Poor soil quality at the Chemainus River Campgrounds site is evident in this Madrone Environmental Services map. (Photo by Don Bodger)

Time granted to examine Chemainus River Campground situation more thoroughly

Firm deadline to cease operations removed while parties work on ALR exclusion

The Oct. 1 deadline has come and gone and the Chemainus River Campground is still in operation.

The campground is located on Agricultural Land Reserve property on the Trans-Canada Highway and owners Jeri and John Wyatt were ordered to cease business as a campground by that date by the Agricultural Land Commission or face a stiff penalty.

The Wyatts have received a reprieve of sorts, although nothing confirmed in writing yet, while the Municipality of North Cowichan, Nanaimo-North Cowichan MLA Doug Routley and jurisdictions within the provincial government work behind the scenes to see if the property can be excluded from the ALR to continue as a campground rather than having to revert back to agricultural status that has been deemed impractical for many reasons.

While the Wyatts are relieved they didn’t have to shut the campground down and basically lose everything they had invested in the site, they won’t be breathing easier until a more definitive directive is received.

“It’s basically in North Cowichan’s hands,” said John Wyatt. “They’re putting in an application for us.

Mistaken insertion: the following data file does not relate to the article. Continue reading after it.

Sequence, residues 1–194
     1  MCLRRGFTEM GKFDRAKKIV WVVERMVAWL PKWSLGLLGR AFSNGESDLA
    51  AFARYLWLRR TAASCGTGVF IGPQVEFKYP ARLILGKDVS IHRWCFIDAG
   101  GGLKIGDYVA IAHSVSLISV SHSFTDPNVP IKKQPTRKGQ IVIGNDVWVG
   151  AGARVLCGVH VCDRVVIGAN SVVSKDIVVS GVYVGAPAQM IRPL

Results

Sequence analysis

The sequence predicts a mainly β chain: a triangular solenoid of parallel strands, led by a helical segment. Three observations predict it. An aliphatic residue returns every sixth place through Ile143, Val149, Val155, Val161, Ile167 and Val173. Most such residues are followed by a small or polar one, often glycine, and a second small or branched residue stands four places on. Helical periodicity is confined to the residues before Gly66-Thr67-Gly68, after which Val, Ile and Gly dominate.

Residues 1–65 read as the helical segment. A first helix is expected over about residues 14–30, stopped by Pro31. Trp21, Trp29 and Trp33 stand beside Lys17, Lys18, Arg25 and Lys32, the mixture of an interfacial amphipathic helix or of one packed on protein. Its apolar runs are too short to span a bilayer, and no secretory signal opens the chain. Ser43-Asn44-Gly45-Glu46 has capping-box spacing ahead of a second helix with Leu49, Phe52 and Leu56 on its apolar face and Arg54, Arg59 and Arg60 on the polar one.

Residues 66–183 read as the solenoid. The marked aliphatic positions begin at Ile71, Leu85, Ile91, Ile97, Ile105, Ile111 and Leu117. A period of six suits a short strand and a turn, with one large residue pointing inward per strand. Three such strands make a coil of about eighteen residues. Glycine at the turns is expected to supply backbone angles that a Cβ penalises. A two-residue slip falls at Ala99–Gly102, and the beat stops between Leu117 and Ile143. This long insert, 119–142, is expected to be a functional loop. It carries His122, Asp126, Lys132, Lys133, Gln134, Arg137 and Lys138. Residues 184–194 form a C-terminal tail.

“All I know they’ve given us a reprieve for the time being. Everybody can kind of take a breather and hopefully with North Cowichan being firmly behind us they’ll get something through.

“We’re good. We’re not going to be adding or anything like that. We’re going to continue as normal for the time being.”

The Wyatts had originally made an application to expand the number of campsites, but when the ALC caught wind of it, the deadline was imposed to revert the ALR land back to agricultural use.

The topic came up at the recent Union of B.C. Municipalities convention in Vancouver. North Cowichan Mayor Al Siebring said Minister of Agriculture Lana Popham and even Premier John Horgan, a friend going back many years, are aware of the situation and promising another look.

Along with Routley, “we met with the minister at UBCM,” said Siebring.

“The province has committed to continuing dialogue with the Wyatts.”

An exclusion application was filed for the land by the municipality.

“It’s gone right up to the top echelons,” said Siebring. “I’m pretty confident the Wyatts aren’t going to get shut down anytime soon.”

Former MLA Bill Routley also went to bat for the Wyatts before the deadline to bring the matter to the attention of North Cowichan as a delegation at a council meeting.

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